10 Sep 2019

Scheme for Protection and Preservation of Endangered Languages (SPPEL)

Source: PIB and SPPEL website

The Government of India has initiated a Scheme known as “Protection and Preservation of Endangered Languages of India”. 


The sole objective of the Scheme is to document and archive the country’s languages that have become endangered or likely to be endangered in the near future. 

Key highlights about the scheme

  • The scheme is monitored by the Central Institute of Indian Languages (CIIL) located in Mysuru, Karnataka. 
  • The CIIL has collaborated with various universities and institutes across India for this mission.
  • Under this Scheme, the Central Institute of Indian Languages (CIIL), Mysore works on protection, preservation and documentation of all the mother tongues/languages of India spoken by less than 10,000 speakers keeping in mind the degree of endangerment and reduction in the domains of usage.


All the languages listed under SPPEL are placed under one of the six Zones for academic or administrative convenience. The six zones are 

  1. North Zone: Northern Zone is documenting the endangered languages spoken in Chandigarh, Haryana, Himachal Pradesh, Jammu & Kashmir, Punjab, Uttar Pradesh, and Uttarakhand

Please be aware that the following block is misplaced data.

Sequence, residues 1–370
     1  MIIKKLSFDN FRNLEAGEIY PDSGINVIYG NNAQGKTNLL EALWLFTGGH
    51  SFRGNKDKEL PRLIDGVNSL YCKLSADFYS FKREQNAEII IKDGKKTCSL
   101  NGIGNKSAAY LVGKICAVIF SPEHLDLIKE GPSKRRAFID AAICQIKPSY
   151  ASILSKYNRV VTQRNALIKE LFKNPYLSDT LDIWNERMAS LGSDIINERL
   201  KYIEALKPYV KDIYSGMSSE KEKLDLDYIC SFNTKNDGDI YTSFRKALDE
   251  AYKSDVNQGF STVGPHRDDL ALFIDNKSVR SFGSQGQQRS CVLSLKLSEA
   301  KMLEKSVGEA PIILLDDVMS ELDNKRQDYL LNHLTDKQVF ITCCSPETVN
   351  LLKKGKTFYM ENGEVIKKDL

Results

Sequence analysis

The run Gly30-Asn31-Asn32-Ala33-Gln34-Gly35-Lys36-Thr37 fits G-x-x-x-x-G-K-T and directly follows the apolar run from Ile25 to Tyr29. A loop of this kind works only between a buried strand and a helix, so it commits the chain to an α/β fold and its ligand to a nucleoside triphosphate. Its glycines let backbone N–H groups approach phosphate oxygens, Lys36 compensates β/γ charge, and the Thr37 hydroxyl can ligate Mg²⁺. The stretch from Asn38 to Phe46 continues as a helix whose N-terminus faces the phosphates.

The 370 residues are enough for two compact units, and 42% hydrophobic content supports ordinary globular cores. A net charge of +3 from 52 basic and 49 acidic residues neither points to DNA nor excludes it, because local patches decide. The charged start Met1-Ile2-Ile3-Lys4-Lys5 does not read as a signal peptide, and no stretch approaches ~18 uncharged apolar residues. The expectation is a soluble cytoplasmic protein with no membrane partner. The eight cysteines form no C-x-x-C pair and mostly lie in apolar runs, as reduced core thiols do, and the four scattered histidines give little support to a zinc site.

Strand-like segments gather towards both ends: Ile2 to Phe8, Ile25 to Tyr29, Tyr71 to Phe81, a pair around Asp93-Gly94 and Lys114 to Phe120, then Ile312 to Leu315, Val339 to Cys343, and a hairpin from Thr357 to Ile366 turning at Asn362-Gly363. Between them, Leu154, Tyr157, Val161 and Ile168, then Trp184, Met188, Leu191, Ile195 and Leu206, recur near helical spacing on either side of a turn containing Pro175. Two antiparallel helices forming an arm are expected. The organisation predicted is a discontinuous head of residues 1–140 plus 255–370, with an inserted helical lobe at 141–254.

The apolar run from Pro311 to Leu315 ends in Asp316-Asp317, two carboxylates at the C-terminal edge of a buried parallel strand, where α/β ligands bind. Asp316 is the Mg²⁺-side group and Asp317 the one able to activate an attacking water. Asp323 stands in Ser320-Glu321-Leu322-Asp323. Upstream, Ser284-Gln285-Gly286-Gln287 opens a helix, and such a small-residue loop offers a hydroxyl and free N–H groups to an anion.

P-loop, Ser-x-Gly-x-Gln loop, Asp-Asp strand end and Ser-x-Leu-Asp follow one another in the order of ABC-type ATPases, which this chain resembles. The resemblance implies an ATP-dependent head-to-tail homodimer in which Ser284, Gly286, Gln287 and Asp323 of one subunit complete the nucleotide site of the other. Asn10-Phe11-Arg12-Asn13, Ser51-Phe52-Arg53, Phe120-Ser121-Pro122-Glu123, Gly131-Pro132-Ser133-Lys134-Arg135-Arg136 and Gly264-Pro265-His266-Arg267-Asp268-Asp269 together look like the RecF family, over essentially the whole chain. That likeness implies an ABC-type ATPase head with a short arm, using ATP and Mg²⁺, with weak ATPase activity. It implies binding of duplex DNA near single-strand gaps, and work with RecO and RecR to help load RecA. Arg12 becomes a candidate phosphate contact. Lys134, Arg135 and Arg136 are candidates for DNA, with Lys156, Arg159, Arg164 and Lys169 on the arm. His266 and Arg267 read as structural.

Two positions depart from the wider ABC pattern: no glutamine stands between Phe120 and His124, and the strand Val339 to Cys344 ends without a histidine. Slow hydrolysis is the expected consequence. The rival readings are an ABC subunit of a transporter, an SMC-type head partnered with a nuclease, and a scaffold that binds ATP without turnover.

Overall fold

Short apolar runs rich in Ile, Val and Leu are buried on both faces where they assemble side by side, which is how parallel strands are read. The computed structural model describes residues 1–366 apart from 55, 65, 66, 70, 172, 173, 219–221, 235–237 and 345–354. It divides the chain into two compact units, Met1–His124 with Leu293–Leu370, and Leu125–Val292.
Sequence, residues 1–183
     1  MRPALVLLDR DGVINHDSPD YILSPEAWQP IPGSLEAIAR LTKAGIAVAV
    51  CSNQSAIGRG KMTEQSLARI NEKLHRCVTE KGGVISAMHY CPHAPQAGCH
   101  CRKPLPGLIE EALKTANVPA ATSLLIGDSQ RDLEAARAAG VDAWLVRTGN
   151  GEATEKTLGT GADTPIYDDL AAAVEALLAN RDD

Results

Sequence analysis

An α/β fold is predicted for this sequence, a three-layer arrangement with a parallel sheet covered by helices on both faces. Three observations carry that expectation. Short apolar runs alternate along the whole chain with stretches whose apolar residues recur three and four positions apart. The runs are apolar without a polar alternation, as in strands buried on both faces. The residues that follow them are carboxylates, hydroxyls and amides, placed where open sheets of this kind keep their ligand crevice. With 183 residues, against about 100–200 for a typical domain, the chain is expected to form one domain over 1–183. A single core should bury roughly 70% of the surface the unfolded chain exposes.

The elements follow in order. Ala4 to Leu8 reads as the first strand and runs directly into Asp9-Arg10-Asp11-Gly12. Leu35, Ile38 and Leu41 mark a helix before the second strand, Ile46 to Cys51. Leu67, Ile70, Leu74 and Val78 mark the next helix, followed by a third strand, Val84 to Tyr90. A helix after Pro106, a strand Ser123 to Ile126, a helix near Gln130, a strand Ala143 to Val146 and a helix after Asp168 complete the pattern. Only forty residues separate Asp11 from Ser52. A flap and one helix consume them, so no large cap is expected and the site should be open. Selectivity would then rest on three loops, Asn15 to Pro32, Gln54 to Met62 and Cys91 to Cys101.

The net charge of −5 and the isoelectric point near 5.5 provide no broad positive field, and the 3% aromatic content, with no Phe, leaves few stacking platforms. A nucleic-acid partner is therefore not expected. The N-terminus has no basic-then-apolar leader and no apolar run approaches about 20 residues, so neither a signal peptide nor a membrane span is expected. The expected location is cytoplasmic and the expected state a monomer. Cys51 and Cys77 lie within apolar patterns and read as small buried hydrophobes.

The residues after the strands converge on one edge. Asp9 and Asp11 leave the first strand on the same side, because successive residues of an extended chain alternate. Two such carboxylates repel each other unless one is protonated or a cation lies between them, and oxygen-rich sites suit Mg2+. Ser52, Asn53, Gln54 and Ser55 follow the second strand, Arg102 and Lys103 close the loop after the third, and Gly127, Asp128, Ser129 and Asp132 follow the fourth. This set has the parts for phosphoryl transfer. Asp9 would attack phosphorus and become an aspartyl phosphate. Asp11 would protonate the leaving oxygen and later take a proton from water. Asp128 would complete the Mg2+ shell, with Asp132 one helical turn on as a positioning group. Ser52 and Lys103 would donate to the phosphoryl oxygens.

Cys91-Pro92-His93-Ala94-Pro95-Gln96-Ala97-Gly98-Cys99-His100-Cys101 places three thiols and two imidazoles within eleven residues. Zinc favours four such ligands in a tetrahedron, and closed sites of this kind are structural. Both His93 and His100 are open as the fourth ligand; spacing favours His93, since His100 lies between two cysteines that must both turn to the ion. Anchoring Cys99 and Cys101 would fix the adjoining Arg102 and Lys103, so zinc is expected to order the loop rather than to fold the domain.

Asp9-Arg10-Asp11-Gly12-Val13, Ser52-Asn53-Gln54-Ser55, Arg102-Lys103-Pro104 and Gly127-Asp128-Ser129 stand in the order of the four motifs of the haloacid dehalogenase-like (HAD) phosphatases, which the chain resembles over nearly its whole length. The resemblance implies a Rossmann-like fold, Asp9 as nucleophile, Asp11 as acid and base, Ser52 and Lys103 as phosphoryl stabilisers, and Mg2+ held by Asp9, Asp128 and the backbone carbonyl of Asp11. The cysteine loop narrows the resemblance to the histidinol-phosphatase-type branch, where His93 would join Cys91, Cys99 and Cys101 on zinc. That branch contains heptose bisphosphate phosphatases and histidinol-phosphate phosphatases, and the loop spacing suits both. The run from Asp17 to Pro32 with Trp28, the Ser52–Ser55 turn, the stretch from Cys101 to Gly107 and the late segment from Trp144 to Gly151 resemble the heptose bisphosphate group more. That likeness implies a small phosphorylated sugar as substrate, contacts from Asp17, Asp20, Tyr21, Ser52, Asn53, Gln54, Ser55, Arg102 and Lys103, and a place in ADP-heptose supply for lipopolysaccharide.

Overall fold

2. South Zone: Southern zone covers documentation of the endangered languages spoken in Andhra Pradesh, Karnataka, Kerala, Tamil Nadu, and Telangana.
  3. Northeast Zone: This zone comprises of eight states namely, Arunachal Pradesh, Assam, Manipur, Meghalaya, Mizoram, Nagaland, Sikkim, and Tripura. 
  4. East Central Zone: There are fourteen languages from this zone under SPPEL
  5. West Central Zone: It is geographically attached to the States /Union territories of Gujarat, Maharashtra, Rajasthan, Daman, Diu and Dadra Nagar Haveli, and Goa. In this zone, five languages have been identified as Endangered in the first phase of documentation of the SPPEL. They are as follows:
    1. Baradi
    2. Bhala
    3. Bharwad/Bharwadi
    4. Diwehi
    5. Nihali 

The last one is Andaman and Nicobar Island.

Criteria adopted by UNESCO

 According to the criteria adopted by the UNESCO, a language becomes extinct when nobody speaks or remembers the language.  The UNESCO has categorized languages on the basis of endangerment as follows:

  • Vulnerable
  • Definitely Endangered
  • Severely Endangered
  • Critically Endangered

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